At the time of his death, he was working on the troopship HMS “Royal Edward” which was torpedoed in the Aegean Sea. Charles Marshall’s body was never recovered and identified and it is presumed he drowned.

Later a Lieutenant Wilson wrote to his father “They struck a mine coming from Alexandria and spent 3 or 4 hours in the water, before being picked up by a hospital ship and a destroyer. Am much afraid that Marshall who was with them went down with the ship. After seeing all his men off the ship and encouraging them, he was last seen leaning on the rail of Captain’s bridge, looking down quite calmly at them. He was so very tough and so much at home in the water, that we have not lost hope that he was picked up by some other vessel. It was very characteristic of him to get all the men off in the way he did and then to stem any panic among them by calmly standing about the bridge. It helped them a lot because several men have told me that after seeing him so calm they were led to look on the whole thing as more or less of a joke. He would fight for his life like a fiend when he got in the water.”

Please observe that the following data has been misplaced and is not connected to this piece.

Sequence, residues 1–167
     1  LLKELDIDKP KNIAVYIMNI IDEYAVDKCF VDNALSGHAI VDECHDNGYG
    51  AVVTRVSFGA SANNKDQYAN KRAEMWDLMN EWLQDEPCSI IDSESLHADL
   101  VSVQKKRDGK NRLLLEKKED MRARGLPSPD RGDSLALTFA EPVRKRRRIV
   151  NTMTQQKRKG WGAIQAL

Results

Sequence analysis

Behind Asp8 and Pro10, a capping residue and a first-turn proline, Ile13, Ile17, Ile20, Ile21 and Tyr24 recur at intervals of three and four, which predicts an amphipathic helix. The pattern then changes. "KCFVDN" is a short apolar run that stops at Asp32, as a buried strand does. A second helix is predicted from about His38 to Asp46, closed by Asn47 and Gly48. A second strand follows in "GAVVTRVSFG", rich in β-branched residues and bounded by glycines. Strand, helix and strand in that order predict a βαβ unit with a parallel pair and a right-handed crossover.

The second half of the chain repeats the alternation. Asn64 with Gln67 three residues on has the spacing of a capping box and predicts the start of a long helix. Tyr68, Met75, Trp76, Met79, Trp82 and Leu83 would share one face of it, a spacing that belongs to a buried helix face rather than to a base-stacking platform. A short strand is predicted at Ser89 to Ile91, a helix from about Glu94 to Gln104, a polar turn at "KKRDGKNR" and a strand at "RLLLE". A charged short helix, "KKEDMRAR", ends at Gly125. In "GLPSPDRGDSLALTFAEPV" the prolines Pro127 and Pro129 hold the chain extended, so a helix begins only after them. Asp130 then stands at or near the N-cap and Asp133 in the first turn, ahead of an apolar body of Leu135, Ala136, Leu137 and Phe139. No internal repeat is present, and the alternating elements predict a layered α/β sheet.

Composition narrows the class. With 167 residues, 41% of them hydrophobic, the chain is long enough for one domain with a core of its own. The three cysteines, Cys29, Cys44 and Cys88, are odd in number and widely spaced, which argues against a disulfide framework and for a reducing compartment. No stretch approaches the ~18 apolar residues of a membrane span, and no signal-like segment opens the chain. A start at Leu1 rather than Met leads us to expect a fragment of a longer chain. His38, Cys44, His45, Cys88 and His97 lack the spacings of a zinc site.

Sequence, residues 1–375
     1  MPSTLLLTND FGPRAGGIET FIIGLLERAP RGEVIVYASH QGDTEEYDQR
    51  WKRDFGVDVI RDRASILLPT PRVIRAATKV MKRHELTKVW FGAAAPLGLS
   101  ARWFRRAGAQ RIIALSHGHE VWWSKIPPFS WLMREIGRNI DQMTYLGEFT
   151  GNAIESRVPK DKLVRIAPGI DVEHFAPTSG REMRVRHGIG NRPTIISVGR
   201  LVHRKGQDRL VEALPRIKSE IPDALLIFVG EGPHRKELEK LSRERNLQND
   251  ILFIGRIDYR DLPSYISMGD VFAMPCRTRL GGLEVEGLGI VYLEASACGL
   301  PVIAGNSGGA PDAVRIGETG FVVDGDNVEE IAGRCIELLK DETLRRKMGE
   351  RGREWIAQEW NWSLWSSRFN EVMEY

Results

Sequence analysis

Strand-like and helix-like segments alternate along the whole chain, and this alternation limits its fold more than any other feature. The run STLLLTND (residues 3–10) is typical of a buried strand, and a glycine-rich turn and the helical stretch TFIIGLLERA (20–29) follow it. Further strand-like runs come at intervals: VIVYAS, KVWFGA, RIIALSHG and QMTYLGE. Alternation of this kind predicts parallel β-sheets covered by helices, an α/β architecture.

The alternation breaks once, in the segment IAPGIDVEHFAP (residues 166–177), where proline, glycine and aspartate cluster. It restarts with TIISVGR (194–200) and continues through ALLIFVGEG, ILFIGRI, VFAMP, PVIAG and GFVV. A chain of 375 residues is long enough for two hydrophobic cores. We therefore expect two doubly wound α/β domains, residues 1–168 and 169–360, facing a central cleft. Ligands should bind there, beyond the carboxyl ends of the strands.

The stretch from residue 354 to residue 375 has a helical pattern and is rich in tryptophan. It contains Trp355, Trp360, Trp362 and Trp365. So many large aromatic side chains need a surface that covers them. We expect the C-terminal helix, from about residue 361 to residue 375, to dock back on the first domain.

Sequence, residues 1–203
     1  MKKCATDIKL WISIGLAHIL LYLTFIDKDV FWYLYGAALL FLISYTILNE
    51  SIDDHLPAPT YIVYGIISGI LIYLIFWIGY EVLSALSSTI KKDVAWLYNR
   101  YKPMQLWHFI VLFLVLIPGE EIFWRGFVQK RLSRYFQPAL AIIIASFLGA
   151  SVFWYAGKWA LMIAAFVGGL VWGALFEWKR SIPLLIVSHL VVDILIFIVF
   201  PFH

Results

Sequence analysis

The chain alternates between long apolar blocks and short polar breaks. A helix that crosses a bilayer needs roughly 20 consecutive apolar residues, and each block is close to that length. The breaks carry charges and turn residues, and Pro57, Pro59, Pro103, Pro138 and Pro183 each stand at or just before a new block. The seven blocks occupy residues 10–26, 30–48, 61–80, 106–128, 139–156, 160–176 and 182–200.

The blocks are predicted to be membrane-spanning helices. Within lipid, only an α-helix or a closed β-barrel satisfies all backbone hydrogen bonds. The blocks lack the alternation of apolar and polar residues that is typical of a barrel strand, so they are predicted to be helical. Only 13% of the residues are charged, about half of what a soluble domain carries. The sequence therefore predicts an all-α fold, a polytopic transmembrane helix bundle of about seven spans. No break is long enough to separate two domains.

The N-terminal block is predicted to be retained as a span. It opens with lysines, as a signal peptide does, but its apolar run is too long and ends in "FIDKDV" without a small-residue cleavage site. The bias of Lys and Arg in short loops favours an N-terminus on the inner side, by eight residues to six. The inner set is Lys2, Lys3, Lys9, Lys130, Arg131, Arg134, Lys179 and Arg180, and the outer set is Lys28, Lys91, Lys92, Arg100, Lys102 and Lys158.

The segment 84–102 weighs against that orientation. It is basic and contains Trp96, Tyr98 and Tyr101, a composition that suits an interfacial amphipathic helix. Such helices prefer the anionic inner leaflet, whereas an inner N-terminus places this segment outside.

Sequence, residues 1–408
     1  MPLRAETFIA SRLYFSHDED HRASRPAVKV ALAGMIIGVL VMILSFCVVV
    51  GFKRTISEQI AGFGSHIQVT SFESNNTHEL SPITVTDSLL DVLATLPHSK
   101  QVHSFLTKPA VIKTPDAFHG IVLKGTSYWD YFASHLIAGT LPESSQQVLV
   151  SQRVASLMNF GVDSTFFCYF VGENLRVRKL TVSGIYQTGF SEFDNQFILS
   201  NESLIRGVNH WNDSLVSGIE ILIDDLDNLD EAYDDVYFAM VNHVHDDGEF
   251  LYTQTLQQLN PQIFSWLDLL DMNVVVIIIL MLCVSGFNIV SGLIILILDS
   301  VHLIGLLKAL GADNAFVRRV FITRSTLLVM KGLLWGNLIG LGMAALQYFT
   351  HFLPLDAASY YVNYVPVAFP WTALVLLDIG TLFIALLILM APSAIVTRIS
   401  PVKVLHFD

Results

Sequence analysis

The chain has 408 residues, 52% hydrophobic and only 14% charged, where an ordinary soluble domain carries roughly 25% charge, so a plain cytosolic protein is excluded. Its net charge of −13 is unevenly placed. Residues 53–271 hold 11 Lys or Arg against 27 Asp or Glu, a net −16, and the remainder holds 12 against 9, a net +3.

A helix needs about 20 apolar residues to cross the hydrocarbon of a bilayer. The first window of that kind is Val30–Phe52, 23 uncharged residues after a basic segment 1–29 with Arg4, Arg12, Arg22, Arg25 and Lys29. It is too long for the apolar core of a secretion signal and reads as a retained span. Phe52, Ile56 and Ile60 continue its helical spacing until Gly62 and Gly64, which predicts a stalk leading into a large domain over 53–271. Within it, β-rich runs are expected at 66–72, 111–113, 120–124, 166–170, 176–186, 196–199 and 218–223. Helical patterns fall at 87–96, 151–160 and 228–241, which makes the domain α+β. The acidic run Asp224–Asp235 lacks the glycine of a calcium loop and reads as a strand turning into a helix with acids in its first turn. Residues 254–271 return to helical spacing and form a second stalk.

Lieutenant F B Smith of the Ambulance wrote in a letter home. “Of the 50 men of our Ambulance, only 3 are lost. I have not told you what a corporal of our section has told me, that he saw Capt. Marshall, long after he himself was in the water, still on the highest deck with the captain of the ship, revolver in hand, encouraging and controlling the men. He had no need to use his weapon because discipline was splendid. The men knew his worth and not one but has spoken to me sadly of our loss. Such a cool courageous “sticking to duty” was characteristic of the man he was.”